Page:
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Clinical applications of neurofeedback based on sensorimotor rhythm: a systematic review and meta-analysis.

BACKGROUND: Among the brain-machine interfaces, neurofeedback is a non-invasive technique that uses sensorimotor rhythm (SMR) as a clinical intervention protocol. This study aimed to investigate the clinical applications of SMR neurofeedback to understand its clinical effectiveness in different pathologies or symptoms.

METHODS: A systematic review study with meta-analysis of the clinical applications of EEG-based SMR neurofeedback performed using pre-selected publication databases. A qualitative analysis of these studies was performed using the Consensus tool on the Reporting and Experimental Design of Neurofeedback studies (CRED-nf). The Meta-analysis of clinical efficacy was carried out using Review Manager software, version 5.4.1 (RevMan 5; Cochrane Collaboration, Oxford, UK).

RESULTS: The qualitative analysis includes 44 studies, of which only 27 studies had some kind of control condition, five studies were double-blinded, and only three reported a blind follow-up throughout the intervention. The meta-analysis included a total sample of 203 individuals between stroke and fibromyalgia. Studies on multiple sclerosis, insomnia, quadriplegia, paraplegia, and mild cognitive impairment were excluded due to the absence of a control group or results based only on post-intervention scales. Statistical analysis indicated that stroke patients did not benefit from neurofeedback interventions when compared to other therapies (Std. mean. dif. 0.31, 95% CI 0.03-0.60, p = 0.03), and there was no significant heterogeneity among stroke studies, classified as moderate I 2 = 46% p -value = 0.06. Patients diagnosed with fibromyalgia showed, by means of quantitative analysis, a better benefit for the group that used neurofeedback (Std. mean. dif. -0.73, 95% CI -1.22 to -0.24, p = 0.001). Thus, on performing the pooled analysis between conditions, no significant differences were observed between the neurofeedback intervention and standard therapy (0.05, CI 95%, -0.20 to -0.30, p = 0.69), with the presence of substantial heterogeneity I 2 = 92.2%, p -value < 0.001.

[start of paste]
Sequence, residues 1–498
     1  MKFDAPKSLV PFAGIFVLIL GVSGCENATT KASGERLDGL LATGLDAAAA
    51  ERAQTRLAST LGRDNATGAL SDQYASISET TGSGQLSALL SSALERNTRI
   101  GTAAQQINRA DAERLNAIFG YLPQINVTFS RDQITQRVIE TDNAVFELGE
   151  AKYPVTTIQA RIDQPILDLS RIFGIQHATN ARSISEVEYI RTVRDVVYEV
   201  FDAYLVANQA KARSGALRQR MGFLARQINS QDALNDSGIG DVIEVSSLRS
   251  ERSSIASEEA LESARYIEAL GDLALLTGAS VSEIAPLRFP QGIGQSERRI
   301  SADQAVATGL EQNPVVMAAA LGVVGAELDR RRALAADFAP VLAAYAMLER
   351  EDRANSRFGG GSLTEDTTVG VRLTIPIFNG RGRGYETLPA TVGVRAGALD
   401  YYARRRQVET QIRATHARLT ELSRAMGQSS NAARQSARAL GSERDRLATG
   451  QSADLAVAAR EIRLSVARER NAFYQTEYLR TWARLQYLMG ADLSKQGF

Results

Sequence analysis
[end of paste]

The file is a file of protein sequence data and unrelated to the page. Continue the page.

CONCLUSION: We conclude that although neurofeedback based on electrophysiological patterns of SMR contemplates the interest of numerous researchers and the existence of research that presents promising results, it is currently not possible to point out the clinical benefits of the technique as a form of clinical intervention. Therefore, it is necessary to develop more robust studies with a greater sample of a more rigorous methodology to understand the benefits that the technique can provide to the population.

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